The first power has been generated from the world's largest offshore wind farm, the companies behind the scheme say.
The first phase of the London Array project, around 12 miles off the coasts of Kent and Essex in the Thames Estuary, will see 175 turbines generating enough power to supply more than 470,000 homes.
Already 151 turbines have been installed since construction began in March 2011, and when the first phase is completed by the end of the year, the 630 megawatt scheme will be the largest offshore wind farm in the world, the companies said.
If approved, the second phase will add enough turbines to bring the total capacity of the wind farm to 870 megawatts. The plans have had to be resubmitted with a reduction in the area the turbines would cover following concerns the scheme would hit the red-throated diver population in the estuary.
Dong Energy has a 50 per cent stake in the project, energy giant E.ON owns 30 per cent and Abu Dhabi renewables company Masdar has a 20 per cent stake.
Benj Sykes, wind UK country manager at Dong Energy, said: "With its 630MW the London Array project will be the first of the next generation of larger offshore wind farms and we are pleased to have reached first power.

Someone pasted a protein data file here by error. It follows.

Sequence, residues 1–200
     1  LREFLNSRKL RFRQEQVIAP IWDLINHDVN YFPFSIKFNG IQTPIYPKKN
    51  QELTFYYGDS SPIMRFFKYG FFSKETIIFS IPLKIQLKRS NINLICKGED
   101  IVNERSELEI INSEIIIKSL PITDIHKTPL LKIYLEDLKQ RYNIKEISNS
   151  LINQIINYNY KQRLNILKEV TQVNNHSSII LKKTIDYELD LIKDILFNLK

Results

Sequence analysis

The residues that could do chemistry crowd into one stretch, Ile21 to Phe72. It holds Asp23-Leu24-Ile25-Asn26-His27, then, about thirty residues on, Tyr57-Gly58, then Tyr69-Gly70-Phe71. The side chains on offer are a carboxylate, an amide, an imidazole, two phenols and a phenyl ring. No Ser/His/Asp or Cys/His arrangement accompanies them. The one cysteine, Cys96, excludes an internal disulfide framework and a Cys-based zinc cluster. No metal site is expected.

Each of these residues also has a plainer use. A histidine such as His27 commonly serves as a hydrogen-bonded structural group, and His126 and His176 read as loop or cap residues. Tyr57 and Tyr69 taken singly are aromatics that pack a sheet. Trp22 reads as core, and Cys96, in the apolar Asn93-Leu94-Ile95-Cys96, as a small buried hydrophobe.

"Being able to efficiently develop large offshore wind farms and harvest the scale advantages in both construction and operation is an important element in our continuous efforts to bring down the costs of energy of offshore wind."
Dr Tony Cocker, chief executive of E.ON UK, described the first generation of power as an important milestone not only for London Array but for the global renewables sector.
He said: "We firmly believe that electricity from renewable sources has a vital part to play in helping us deliver energy in a way that is sustainable, affordable and secure and this is why we are aiming to reduce the costs of offshore wind by 40 per cent by 2015."